OUTLOOK INDIA, July 5, 2010. Union Carbide’s brazen, criminal disregard for safety nauseates still. Prime Minister Manmohan Singh, on his way back from the recent G-20 summit in Toronto, righteously declared his desire to push for a “more favourable” US attitude to extradite former Union Carbide chief Warren Anderson. But as his government begins to push for it, which past Congress and BJP governments have failed to do, those monitoring the bitter aftermath of the Bhopal tragedy say it’s not a paucity of factual evidence—to establish Anderson’s guilt of cutting costs on safety measures—but the lack of political will to take on the Americans that impedes his extradition.
Those looking for facts don’t have to look much beyond Bhopal: The Inside Story, a book by T.R. Chouhan, who was one of the operators of the mic plant and was present on site on the night of the disaster. First published in 1997, the book details how the management of the plant was cutting down on safety measures to make up for losses. “Cutting costs in fact began with the design of the plant. The design was unproven and they were using measures that hadn’t been tried out in their plant in the US. The double standards were clear,” he tells Outlook on the phone from Bhopal, where he now works as a government employee.
[pullquote]“Cutting costs began with the plant design. They used measures untried in the US. Double standards were clear.”T.R. Chouhan, Eyewitness, Writer[/pullquote]
In fact, campaigners have stressed that the plant in Bhopal was “always underfunded, always second-best” compared to Carbide’s plant in West Virginia, despite the company’s claims to the contrary. Chouhan’s book lists some of the key design downgrades in the Bhopal plant that compromised on safety. These include the presence of atmospheric vents in the methyl isocynate (MIC) tank (through which the gas escaped), something that was not present in the W. Virginia plant. Safety measures like the vent gas scrubber (VGS), used to neutralise toxic release, and flare towers (FT), to burn MIC vapours, had back-ups for continuous protection in the US. This was not so in Bhopal. In fact, the VGS was not operational and the FT was under repair on December 3, 1984. Moreover, hazardous operations, like addition of 1-Naphthol into the MIC reactor, were done manually, which they didn’t dare try in the US. Likewise, there was an evacuation plan for the community living next door in W. Virginia, but not for the one in Bhopal.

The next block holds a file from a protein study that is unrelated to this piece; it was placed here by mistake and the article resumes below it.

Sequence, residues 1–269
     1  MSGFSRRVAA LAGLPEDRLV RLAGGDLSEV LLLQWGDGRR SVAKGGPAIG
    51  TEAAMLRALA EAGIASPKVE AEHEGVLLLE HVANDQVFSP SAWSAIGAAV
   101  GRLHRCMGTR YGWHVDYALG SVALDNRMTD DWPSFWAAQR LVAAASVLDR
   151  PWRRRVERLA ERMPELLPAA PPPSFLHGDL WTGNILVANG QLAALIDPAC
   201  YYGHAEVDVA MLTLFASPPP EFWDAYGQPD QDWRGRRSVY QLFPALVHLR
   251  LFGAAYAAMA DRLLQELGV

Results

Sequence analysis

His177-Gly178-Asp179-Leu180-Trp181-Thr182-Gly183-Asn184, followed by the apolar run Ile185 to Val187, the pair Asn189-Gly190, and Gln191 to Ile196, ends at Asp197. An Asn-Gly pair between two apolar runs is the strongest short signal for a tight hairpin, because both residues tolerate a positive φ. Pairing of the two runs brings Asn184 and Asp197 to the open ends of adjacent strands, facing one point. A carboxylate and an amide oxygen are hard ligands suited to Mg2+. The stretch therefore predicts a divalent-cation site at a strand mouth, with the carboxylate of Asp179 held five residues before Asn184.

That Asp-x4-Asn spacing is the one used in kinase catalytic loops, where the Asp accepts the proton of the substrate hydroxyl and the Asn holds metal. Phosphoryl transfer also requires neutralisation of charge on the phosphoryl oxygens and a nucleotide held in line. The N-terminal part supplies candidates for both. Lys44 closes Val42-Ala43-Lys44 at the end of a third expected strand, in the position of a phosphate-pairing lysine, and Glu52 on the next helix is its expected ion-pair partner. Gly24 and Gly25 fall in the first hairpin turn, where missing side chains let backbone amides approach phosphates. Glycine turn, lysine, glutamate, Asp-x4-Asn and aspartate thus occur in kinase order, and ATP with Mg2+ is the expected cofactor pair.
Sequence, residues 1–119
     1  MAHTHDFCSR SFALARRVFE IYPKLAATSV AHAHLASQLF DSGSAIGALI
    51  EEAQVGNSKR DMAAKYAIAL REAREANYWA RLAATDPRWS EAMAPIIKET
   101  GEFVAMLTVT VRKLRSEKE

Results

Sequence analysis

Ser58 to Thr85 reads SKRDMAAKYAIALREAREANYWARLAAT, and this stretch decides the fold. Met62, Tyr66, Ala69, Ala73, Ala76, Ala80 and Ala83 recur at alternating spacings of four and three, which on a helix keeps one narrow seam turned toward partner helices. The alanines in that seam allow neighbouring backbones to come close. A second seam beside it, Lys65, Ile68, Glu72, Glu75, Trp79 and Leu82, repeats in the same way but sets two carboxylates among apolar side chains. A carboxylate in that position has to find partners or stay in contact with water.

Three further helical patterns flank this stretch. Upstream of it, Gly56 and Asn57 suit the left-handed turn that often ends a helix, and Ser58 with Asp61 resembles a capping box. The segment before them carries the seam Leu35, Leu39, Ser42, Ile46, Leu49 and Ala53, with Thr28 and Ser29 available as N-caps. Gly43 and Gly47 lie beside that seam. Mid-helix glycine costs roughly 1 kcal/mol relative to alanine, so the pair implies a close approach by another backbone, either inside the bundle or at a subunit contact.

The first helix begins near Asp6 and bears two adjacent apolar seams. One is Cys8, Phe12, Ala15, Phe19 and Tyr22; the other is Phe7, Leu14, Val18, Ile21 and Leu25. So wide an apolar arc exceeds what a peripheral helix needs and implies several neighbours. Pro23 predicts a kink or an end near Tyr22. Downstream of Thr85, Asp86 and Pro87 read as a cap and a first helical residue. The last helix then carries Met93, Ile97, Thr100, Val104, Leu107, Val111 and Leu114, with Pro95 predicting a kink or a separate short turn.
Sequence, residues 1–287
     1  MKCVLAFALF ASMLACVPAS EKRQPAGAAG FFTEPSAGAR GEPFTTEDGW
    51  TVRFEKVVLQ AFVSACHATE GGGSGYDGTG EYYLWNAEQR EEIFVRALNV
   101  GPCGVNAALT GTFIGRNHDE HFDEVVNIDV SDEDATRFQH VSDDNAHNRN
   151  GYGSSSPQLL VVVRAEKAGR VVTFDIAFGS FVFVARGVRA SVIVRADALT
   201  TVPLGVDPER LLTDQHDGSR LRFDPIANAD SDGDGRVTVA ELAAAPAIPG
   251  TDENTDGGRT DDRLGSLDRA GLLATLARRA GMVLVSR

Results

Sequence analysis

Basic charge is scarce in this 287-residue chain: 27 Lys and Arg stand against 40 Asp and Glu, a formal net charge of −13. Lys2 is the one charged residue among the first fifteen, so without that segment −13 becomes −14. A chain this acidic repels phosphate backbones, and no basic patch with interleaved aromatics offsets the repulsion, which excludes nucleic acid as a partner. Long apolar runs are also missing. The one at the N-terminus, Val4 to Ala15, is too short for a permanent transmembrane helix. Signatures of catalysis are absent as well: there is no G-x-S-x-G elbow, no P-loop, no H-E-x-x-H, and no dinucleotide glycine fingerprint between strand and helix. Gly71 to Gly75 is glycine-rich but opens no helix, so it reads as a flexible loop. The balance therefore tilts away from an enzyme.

The plant in Bhopal produced MIC, a chemical compound used to make pesticides, and stored large quantities of it—much more than permitted—on site. This was because there was a glut of Sevin, Carbide’s MIC-based pesticide, in the market. Yet, Carbide officials in the US and India threw caution to the wind. The most important, yet elementary, safety tool not switched on that night was refrigeration. The unit, explains Chouhan, was turned off that night. In fact, it was never switched on for nearly a year to cut down on costs of electricity and coolants. The savings were just about $37 each day. In its absence, the MIC was at an ideal temperature for a corrosive reaction, whereas the MIC manual had strongly advised keeping it below 5 degree Celsius. Even the temperature censor and alarm for the MIC storage tank had not been working for four years. “We raised all these problems with the local management but were never heard,” Chouhan says.